Udta Punjab Review by Indicine
Abhishek Chaubey has masterfully addressed the menace of drugs in Punjab with a sense of realism and urgency that has never been achieved in a mainstream form. His victory lies in the fact that he manages to show us a world which we are not used to seeing, but keeps it entertaining throughout. That’s how a good director takes a good story in the written form to a good movie in the cinematic form. The screenplay does get a big prosaic in the second half, but by then all is forgiven as Abhishek has already managed to win us over by then. Another one of Udta Punjab’s victories is how the story seems rooted to the ground because it is so well brought together by all the departments. The production design and the costume design get full marks for their consistency and effort. The editing is quite fast, moves along really well and makes the film a brisk ride. The music by Amit Trivedi suits the nature of the film. The title song, Ik Kudi, Da Da Dasse all take the film to the next juncture without making the songs seem unnecessary.
Udta Punjab Review by Bollywood Hungama
First things first – UDTA PUNJAB is a dark and serious film. Also the film’s screenplay (Sudip Sharma, Abhishek Chaubey) jumps through multiple stories at the same time making it complicated. Abhishek Chaubey, who gave a glimpse of his supreme directorial abilities with his previous films like ISHQIYA and DEDH ISHQIYA faces a challenge to narrate the dark story of UDTA PUNJAB and does manage to do so. As the film progresses however, it does seem to slip in parts, especially in the second half. In an attempt to narrate multiple parallel stories, Abhishek Chaubey struggles to keep it engaging in the latter half of the film. As for the performances, it is the biggest of USP of UDTA PUNJAB. One has to give it to the actors to take up such challenging parts which are completely out of their comfort zone. Shahid Kapoor and his never-before-attempted ‘rockstar’ look had created a huge buzz, curiosity and excitement amongst his fans. He manages to pull off his role well while bringing in much needed humour in this otherwise serious film. He is strongly supported by the talented Satish Kaushik in the film. Alia Bhatt, on the other hand, goes totally de-glam for her role. She for sure has tried her best to portray a Bihari character in the film and does complete justice to her part. Kareena Kapoor Khan is good in her part. UDTA PUNJAB also sees the presence of Punjabi star Diljit Dosanjh, who makes an impressive debut in Bollywood. If UDTA PUNJAB is a mere glimpse of what he is capable of, then Diljit is definitely a name to watch out for in Bollywood. Rest of the actors help the film move forward.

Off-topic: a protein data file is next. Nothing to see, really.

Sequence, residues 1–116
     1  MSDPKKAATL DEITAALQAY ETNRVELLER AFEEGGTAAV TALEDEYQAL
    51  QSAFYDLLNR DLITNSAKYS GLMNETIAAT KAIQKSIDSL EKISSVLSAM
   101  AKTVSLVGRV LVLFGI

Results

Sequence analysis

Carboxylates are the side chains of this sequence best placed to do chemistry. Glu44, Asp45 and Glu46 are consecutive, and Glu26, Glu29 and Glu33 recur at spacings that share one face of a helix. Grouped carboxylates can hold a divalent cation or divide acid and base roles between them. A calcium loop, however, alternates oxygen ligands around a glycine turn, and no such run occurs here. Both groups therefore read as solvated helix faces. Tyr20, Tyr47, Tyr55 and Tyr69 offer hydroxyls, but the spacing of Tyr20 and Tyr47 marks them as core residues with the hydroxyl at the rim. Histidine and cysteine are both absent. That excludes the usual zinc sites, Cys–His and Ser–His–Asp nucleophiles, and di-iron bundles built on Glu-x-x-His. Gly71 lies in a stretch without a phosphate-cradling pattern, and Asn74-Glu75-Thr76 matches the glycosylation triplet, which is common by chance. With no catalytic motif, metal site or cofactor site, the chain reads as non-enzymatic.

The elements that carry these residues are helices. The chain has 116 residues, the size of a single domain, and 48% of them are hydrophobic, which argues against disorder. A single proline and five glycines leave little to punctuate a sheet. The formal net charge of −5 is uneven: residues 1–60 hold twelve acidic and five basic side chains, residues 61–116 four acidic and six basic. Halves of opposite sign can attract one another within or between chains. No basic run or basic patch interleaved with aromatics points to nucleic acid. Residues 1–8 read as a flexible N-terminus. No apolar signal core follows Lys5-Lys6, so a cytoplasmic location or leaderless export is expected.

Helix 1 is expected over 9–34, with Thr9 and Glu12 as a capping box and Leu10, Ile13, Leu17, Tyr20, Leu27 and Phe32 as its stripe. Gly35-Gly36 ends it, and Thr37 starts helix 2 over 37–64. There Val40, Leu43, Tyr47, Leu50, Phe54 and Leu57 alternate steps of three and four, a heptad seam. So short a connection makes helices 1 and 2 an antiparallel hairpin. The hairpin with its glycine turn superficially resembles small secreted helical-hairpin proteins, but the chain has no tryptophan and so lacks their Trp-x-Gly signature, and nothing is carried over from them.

Udta Punjab Review by Sreeju Sudhakaran on Bollywood Life
While the first half is nearly spot on, the second half meanders here and there thanks to a few forced romantic subplots. There is a lot of lagging in these portions, and whenever the film switches from Shahid – Alia’s track to Diljit – Kareena’s, the result is very clunky to watch. This makes us feel that if these tracks have been made into separate films it would have worked better. Tommy Singh’s reasons for redemption and later his intent to save Alia’s character may look reasonable but is not very convincing. Unlike Chaubey’s more brilliant but very under-rated Dedh Ishqiya, the director is not able to balance the black comedy of the writing to the dark themes in the film this time. This is especially obvious in the climax, which is the weakest sequence in the film. Kareena’s character doesn’t have a definitive arc unlike the other three protagonists, though she does provide the catalyst to the finale.